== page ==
“Rubbish, Watson, rubbish! What have we to do with walking corpses who can only be held in their grave by stakes driven through their hearts? It’s pure lunacy.” Thus Sherlock Holmes, a rare grown-up voice to counter an infantilized world of werewolves, monsters, zombies and vampires.
To scan today’s bookstore shelves is to see that the last category of fictional beings is a hot ticket. It raises a contrarian question as well: In a nation where most adults believe that the Earth is 6,000 years old, might they not also believe that vampire books count as nonfiction?
Maybe. But the 6,000-year-old-Earth types aren’t likely to be big readers to begin with. Not so the vampire-lit crowd, huge, growing and not content to sink its teeth into a single volume, as witness the success of Stephenie Meyer and Charlaine Harris.
There are better books in the genre, notably Dacre Stoker’s new Dracula the Un-Dead. Yet, if zombie buffs have long had a better inventory from which to draw—Pride and Prejudice and Zombies and World War Z can do wonders of a listless evening, after all—vampires clearly win the argument, if only in sheer literary bulk.
Witness, as evidence, Otto Penzler’s new anthology The Vampire Archives (Vintage; $25.00; October; ISBN 978-0-307-47389-9), which weighs in at more than 1,000 pages. So big is the book that, if carefully positioned atop one, it would keep all but the sturdiest of the undead from opening a coffin lid from inside, which, come to think of it, might make a nice premise for a sequel to the film Vampire’s Kiss.
Penzler, chief mysterian at the Mysterious Bookshop in New York and a well-practiced anthologist, is clearly of the more-is-better school, and he turns up little gems of vampirosity from all sorts of writers. Among the better known of them are Arthur Conan Doyle (of aforementioned Sherlock Holmes fame) and the always satisfying M.R. James, who had very specific rules for spinning out a supernatural tale (no sex, lots of malevolence), as well as Edgar Poe, Ambrose Bierce, D.H. Lawrence (who would have known that Lawrence ever wrote a vampire story?), Johann Wolfgang von Goethe (ditto) and Guy de Maupassant (ditto ditto).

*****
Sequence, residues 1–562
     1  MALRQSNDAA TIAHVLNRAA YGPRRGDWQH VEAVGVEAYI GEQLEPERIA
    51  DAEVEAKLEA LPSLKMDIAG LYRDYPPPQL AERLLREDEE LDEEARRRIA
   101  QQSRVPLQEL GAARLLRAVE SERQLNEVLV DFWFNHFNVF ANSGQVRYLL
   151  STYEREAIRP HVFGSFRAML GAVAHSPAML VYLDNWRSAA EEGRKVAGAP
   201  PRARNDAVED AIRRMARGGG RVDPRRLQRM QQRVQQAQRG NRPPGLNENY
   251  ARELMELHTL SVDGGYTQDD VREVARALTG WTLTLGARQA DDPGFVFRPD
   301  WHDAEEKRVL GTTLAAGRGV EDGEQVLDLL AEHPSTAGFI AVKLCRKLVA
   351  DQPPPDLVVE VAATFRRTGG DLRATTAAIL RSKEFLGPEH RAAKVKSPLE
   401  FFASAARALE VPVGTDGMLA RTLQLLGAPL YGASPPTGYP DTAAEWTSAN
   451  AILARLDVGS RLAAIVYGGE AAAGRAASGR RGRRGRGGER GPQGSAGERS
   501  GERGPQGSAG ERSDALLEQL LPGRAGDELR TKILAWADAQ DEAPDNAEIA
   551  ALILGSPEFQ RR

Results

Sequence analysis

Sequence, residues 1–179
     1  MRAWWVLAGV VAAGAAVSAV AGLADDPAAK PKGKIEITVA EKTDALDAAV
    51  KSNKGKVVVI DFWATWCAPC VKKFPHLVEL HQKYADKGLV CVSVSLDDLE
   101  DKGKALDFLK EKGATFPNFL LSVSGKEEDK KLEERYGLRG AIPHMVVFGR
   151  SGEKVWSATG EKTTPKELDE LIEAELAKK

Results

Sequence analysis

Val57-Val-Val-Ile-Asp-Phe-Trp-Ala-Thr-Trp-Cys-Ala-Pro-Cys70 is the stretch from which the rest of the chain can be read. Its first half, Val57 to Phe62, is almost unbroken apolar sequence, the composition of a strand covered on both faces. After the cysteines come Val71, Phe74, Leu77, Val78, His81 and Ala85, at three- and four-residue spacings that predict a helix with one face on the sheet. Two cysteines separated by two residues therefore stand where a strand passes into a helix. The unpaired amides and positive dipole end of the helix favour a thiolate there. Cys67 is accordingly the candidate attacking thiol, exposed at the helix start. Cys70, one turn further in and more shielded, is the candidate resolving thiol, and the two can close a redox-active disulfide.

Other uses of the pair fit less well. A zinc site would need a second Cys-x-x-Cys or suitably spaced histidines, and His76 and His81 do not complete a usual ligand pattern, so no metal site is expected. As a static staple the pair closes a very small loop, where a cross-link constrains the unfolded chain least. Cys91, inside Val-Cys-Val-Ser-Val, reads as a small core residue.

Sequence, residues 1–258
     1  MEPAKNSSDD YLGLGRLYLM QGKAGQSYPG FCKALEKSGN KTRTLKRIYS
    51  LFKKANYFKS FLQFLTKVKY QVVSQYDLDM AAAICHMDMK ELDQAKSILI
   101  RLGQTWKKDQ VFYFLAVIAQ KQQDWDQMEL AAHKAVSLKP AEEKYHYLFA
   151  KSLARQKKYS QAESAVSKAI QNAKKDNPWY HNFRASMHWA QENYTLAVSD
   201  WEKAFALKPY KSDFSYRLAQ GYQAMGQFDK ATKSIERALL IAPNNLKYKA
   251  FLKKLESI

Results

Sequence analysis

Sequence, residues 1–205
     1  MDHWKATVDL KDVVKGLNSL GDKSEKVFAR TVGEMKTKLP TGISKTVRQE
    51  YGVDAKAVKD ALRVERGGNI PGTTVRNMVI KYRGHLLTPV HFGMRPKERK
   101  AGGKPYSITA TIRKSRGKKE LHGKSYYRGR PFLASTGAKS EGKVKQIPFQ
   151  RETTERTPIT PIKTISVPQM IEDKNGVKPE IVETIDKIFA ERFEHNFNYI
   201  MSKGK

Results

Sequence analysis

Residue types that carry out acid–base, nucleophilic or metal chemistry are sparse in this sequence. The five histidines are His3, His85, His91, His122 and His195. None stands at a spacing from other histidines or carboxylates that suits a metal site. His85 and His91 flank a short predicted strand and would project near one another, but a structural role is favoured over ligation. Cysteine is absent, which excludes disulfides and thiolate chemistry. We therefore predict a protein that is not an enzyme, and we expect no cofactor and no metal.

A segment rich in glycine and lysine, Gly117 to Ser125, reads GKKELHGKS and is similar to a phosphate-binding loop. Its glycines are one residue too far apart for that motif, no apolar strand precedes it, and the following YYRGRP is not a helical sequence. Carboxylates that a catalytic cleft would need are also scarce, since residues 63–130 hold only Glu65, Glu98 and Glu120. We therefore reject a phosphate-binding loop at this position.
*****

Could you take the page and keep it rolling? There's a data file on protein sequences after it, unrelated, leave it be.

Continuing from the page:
Then there are legions of tale-spinners from the dime-store magazines of yore, perhaps best represented by Ray Bradbury, who closes a little vampire tale, as is his custom, on a note of delicious irony. (Beware the innocent kid, bloodsucker. Always beware the kid.) Stephen King gets a say, natch, and he does it with spine-tingling efficiency and sanguinary spurts. There are those who grew up outside the pulp tradition, too, such as Anne Rice and Clive Barker, who spin fine tales of their own. Only the very youngest writers seem to be missing, perhaps because there are so few suitably pulpy publications left for them to work in.
Penzler has assembled what ought to be the last word in vampire-ish verbiage. Yet, given that there’s money to be made in the puncture wounds, unreflective mirrors and pallid complexions of vampire lit, there will doubtless be many more such words to come. All we can do is hope for another fad to take its place, and soon. Killer robots? Flesh-stripping mosquitoes? Monster mutant MRSA? We’re on the edge of our seats.